Coach Crusty Switches Overwatch League Teams After Ten-Match Winning Streak

Boston Uprising tank player Young-jin “Gamsu” Noh offers up a high five.
Boston Uprising tank player Young-jin “Gamsu” Noh offers up a high five.
Photo: Blizzard Entertainment

Head coach Da-hee “Crusty” Park just left the Boston Uprising for the same job with the San Francisco Shock, one day after the team narrowly missed out on winning every single game in the Overwatch League’s third stage. Yesterday, New York Excelsior won the title and put a stop to Boston’s undefeated streak.


Even with the loss in the stage title match, Boston’s 10-0 third stage made them the only team in the league to go undefeated in any stage. Crusty was doing something right, but according to the Uprising, the decision was mutual:

“Following internal conversations with Crusty and our staff in recent weeks, it became apparent that a change was in the best interest of the team, as well as Crusty. He was granted permission to explore new opportunities and will join the San Francisco Shock prior to the beginning of Stage 4.

“Crusty has been an instrumental part of the Uprising coaching staff and organization as a whole. We’re grateful for the dedication and effort put forth by Crusty during his time here. We’re happy to have helped him find a new home where he can continue to thrive.”

Crusty’s new team, the SF Shock, came in fifth place during stage 3 and is in ninth place overall in the league at 12-18, much worse than Boston which went 10-0 to lead stage 3 and is second in the league at 22-8.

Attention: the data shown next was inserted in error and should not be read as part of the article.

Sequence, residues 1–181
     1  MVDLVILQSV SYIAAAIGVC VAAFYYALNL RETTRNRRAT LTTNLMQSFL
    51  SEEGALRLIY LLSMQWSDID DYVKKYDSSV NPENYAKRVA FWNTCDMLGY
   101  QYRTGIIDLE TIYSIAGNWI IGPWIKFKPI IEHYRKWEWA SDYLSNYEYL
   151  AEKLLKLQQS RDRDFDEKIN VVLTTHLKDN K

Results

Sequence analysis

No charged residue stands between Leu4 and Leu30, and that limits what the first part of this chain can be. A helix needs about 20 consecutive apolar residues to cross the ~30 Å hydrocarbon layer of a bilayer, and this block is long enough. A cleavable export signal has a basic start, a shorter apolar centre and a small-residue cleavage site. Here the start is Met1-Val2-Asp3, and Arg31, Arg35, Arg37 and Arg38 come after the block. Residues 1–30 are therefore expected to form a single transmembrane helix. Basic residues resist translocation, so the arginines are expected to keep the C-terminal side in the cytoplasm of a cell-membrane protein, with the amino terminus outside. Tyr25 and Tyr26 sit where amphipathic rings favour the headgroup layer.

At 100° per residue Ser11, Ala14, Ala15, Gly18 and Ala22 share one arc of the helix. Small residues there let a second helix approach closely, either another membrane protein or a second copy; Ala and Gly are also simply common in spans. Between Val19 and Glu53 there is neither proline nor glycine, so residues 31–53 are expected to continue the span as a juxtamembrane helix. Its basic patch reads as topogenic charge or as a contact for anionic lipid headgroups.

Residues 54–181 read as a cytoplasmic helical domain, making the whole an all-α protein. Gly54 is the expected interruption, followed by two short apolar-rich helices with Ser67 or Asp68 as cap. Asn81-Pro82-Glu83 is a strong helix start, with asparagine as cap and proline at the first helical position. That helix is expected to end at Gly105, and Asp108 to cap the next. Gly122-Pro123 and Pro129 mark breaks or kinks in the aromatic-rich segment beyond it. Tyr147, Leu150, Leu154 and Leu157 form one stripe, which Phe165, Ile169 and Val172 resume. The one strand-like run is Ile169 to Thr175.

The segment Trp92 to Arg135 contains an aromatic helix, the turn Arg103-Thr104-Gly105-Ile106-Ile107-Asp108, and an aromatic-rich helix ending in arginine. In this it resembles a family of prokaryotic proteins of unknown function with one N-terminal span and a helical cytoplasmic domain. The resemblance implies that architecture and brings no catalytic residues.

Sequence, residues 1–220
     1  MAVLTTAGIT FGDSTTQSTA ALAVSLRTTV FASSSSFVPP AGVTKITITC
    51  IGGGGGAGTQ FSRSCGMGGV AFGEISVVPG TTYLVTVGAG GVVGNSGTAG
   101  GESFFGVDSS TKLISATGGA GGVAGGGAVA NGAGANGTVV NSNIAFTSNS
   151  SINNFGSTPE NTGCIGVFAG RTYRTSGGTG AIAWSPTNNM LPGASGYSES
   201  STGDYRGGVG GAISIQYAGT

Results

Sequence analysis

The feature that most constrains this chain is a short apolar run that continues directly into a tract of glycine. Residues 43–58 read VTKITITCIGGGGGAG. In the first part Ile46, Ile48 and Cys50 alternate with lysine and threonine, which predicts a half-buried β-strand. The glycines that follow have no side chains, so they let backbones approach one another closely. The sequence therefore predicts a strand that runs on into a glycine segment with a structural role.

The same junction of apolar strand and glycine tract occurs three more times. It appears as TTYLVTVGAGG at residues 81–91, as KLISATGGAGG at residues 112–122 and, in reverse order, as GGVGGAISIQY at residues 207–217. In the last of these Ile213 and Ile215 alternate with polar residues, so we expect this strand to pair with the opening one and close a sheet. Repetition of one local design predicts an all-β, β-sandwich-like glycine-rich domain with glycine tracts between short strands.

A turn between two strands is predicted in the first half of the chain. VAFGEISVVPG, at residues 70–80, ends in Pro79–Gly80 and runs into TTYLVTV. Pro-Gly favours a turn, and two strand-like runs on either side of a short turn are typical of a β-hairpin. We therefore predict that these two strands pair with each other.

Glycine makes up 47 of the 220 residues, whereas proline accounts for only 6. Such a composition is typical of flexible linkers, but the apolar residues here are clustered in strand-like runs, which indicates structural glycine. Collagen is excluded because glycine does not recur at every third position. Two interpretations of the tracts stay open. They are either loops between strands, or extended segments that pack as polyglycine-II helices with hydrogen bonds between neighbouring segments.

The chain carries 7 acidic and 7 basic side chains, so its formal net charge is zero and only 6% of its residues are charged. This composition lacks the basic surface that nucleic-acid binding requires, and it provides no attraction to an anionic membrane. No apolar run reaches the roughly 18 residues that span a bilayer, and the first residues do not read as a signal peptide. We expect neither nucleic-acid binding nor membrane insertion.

Rather than demoting their current coach, the SF Shock has decided to give him the axe. In their announcement post about Crusty’s new role, the Shock also bid goodbye to their former head coach Brad Rajani, describing him as a “tireless worker.” The Shock has also announced that Bumhoon “Ninek” Kim, who served as head coach on NRG Esports’ minor league Overwatch team, will come aboard as a new assistant coach.

With the Uprising and Shock making coaching changes, nearly half of the 12-team league has a different coach from when the season started at this point. In addition to Boston and San Francisco, the London, Shanghai, and Dallas teams have already changed coaches. (Florida’s coach has also temporarily stepped aside due to “burnout and various health issues.”) It’s clearly not just in-game success driving the high turnover: Boston and London are second and third in the league overall, while San Francisco, Dallas, and Shanghai are ninth, tenth, and last in the standings. The Dallas Fuel fired their coach and their star player in one go, citing issues with “communication.” Boston Uprising’s situation sounds similar.

For months, rumors have circulated about tensions between Boston’s coaching staff and the team’s star tank player and shotcaller Young-jin “Gamsu” Noh. Gamsu missed several matches in March, leading the team’s president to address the rumors:

“Here at Boston we generally have an open door policy as far as discussing any trades or sales, but we have never came close to selling or trading Gamsu, Striker, or Neko. Although results in Stage 2 are not what we hoped for, we want to iterate we succeed and fail as a team, not as individuals whether that is staff or players.”


Gamsu is still on the team and Crusty isn’t, so there you have it.

Crusty switching teams midseason—while weird since his first team is so hot—isn’t totally abnormal by tsports standards, especially soccer. Current Southampton manager started the season with Stoke City, although neither team changed coaches the week after a ten-game winning streak.

Deputy Editor, Kotaku.



We have very different definitions of the word ‘perfect’. They may have won the matches, but they did not win every single individual game, which disqualifies them for a perfect rating by my standards.

If a pitcher strikes out every batter except the last one, who hits the ball straight to him which he catches for an out, he pitched a great game, but he didn’t manage a perfect one.